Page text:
Laal Kabootar Review: Closer To Reality Than You Think

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laal kabootar

Every once in a few years comes a film that surprises the audience by being closer to reality, different from the run-of-the-mill stuff and making the audience stay on the edge of their seats with its gripping execution.

Last year it was Cake, this year it is Laal Kabootar!

Synopsis

Laal Kabootar revolves around two central characters – Aaliya (Mansha Pasha) and Adeel (Ahmed Ali Akbar) – who are brought together by circumstances.

While Aaliya is searching for her reporter husband’s killer, Adeel wants to make quick money to go to Dubai and to a better life.

Insert a corrupt police officer (Rashid Farooqi), an evil businessman (Mohammad Ahmed) and their henchmen and you have a crime thriller that shows Karachi exactly as it is. Does Aaliya manage to apprehend the killer or does Adeel make it to Dubai, that’s the secondary question.

The primary question is ‘What is Laal Kabootar’ and that question will keep you engrossed in the plot till the climax.

Analysis

When was the last time you saw a Pakistani film where you saw characters instead of actors?

Laal Kabootar takes you in that zone with its perfect casting and rehearsed performances where Mansha Pasha looks the girl in search of a Laal Kabootar, Ahmed Ali as the guy who wants to have a better future and Rashid Farooqi as the cop we don’t want to piss off. Furthermore, the film is shot like a film, with no black frames in between, with proper frames, larger than life action sequences and use on real locations instead of sets.

The background score compliments the story although old cine-goers might not accept it, it perfectly syncs with whatever is shown on the screen. First-time screenwriter Ali Abbas Naqvi does a fine job, although the cuss words come out as disturbing and could have been lessened to add more commercial value.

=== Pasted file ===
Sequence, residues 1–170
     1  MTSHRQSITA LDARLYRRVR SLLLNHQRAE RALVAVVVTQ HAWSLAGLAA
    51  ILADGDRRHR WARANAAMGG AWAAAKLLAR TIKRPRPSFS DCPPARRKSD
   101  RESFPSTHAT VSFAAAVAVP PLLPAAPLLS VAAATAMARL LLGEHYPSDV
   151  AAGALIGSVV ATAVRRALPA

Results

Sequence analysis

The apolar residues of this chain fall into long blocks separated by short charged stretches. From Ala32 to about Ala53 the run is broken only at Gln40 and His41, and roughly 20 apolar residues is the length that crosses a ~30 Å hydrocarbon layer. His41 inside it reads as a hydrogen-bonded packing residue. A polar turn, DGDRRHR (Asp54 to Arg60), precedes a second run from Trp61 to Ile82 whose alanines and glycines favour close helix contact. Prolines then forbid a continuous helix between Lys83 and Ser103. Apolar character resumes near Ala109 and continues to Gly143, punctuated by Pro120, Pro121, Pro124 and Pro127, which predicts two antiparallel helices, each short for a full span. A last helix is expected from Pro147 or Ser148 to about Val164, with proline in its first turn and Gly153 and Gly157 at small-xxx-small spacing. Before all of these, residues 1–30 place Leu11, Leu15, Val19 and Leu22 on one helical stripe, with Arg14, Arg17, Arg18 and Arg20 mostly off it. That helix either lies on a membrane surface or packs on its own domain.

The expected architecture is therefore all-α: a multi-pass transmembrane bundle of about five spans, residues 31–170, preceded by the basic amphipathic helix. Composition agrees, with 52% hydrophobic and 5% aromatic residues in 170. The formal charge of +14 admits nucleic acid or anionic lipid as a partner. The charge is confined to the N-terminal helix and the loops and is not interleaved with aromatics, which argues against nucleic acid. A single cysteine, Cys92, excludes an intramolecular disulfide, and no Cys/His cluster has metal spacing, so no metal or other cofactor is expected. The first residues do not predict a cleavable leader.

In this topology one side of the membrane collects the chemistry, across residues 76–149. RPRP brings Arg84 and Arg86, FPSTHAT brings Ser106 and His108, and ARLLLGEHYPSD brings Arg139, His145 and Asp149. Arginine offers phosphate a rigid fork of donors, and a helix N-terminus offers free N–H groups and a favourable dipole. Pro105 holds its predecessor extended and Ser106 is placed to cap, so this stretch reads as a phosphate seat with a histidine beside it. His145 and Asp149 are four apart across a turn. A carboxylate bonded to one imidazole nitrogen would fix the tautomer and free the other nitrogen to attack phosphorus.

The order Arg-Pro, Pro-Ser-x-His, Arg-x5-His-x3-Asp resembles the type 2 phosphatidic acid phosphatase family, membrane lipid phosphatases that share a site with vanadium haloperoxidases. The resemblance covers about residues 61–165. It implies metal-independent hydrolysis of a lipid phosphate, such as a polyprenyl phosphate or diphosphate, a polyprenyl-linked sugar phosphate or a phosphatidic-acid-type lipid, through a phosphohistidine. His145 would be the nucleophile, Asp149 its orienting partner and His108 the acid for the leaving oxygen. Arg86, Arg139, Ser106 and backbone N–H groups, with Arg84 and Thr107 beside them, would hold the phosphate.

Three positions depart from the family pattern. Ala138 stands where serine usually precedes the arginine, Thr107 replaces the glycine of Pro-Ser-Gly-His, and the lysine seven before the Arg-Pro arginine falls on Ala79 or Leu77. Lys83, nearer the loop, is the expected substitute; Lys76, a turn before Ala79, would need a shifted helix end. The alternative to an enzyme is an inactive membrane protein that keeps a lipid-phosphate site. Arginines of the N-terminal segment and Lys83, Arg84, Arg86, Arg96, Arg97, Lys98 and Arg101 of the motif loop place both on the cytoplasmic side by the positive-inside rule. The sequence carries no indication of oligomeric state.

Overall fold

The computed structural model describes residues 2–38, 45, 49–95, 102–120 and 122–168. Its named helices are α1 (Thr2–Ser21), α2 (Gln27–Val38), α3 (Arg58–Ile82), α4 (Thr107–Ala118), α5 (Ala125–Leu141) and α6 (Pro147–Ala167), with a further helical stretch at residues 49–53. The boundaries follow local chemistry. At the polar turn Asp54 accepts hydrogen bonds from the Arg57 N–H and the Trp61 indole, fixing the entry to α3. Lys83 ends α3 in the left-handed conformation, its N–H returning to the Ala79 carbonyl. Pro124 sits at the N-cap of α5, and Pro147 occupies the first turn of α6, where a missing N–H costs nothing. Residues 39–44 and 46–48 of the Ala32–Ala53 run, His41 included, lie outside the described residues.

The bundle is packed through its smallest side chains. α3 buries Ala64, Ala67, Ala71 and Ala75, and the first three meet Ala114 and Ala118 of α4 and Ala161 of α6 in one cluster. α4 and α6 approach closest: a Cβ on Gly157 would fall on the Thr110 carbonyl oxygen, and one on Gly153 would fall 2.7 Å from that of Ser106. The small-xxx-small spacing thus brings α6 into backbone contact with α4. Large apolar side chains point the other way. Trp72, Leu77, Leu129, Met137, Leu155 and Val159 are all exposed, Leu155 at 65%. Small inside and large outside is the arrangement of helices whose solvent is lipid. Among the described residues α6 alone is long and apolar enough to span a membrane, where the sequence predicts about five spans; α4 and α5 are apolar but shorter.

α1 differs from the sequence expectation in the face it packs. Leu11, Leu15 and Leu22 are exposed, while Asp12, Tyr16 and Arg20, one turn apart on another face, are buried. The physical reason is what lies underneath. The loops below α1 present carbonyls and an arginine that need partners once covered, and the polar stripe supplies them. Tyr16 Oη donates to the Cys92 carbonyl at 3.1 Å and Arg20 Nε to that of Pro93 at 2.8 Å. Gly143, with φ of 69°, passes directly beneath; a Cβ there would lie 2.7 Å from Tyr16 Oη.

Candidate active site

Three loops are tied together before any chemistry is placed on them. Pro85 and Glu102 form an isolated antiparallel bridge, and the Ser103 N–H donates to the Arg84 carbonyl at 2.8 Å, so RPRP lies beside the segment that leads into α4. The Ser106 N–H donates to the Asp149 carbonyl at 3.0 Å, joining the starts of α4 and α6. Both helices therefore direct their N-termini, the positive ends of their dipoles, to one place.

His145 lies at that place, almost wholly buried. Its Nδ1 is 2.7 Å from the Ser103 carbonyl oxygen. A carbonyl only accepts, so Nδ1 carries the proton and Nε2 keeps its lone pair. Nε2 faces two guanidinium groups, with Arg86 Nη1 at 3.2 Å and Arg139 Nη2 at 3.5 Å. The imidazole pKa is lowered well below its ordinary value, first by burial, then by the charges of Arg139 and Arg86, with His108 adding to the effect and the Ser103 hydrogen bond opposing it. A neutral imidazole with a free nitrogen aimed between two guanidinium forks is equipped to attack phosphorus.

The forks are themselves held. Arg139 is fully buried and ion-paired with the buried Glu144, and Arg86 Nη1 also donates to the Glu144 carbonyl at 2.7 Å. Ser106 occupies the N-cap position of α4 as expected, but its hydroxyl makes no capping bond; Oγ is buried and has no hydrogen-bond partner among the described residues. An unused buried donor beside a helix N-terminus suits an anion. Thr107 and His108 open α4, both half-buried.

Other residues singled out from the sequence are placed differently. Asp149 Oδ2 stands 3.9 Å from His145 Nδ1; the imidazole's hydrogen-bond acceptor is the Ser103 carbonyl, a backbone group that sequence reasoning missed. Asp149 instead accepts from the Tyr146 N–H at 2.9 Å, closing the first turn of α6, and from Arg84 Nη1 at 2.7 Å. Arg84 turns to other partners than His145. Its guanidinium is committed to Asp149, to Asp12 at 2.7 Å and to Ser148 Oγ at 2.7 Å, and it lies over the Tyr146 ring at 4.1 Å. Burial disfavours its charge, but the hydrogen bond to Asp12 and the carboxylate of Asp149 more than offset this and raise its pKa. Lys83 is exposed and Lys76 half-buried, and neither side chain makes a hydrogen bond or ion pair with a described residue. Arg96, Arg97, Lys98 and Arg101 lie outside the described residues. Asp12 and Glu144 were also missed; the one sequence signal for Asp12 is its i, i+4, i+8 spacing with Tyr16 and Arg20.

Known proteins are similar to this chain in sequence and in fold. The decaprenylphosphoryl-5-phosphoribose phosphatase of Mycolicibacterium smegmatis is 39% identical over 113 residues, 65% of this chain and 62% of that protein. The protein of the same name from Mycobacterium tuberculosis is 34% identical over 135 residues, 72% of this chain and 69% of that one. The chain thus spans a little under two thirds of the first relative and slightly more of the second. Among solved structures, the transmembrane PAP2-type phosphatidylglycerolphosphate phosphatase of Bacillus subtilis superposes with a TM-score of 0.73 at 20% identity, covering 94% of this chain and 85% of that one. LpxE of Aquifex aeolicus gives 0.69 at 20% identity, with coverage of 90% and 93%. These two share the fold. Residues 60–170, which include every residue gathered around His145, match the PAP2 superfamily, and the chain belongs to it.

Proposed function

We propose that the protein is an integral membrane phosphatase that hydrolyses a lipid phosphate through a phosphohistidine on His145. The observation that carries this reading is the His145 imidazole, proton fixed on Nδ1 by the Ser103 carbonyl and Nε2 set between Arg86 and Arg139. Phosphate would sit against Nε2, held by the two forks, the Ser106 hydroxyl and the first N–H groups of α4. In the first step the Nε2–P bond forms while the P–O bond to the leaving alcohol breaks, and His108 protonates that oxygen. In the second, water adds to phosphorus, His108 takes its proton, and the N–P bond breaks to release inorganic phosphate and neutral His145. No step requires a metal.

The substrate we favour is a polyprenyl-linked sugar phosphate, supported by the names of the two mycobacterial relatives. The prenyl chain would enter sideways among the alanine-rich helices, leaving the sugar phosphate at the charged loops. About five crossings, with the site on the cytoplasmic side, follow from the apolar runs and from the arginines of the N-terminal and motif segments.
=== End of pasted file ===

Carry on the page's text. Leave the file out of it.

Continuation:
Verdict – 4/5

Laal Kabootar maybe Kamal Khan’s first feature film but he has been in the field for quite some time, making impressive music videos as a director. He chose an interesting topic for his debut flick and what helped him was the success of web-series notably Sacred Games and Mirzapur. He seems highly inspired by the Guy Ritchie style of filmmaking and its good, considering no one in Pakistan tries to emulate the British director when his films seem closer to our situation than others.

The prominent actors perfectly fit into their characters although the theatre ones have either nothing to do (like Syed M Jameel) or they try to make most of the onscreen time to showcase their talents (Akbar Islam) and going overboard in the process. On the whole, it’s a one-time watch for all those who believe that we can’t make good films in Pakistan, because Laal Kabootar is right there at the top, with the best films ever made in the country.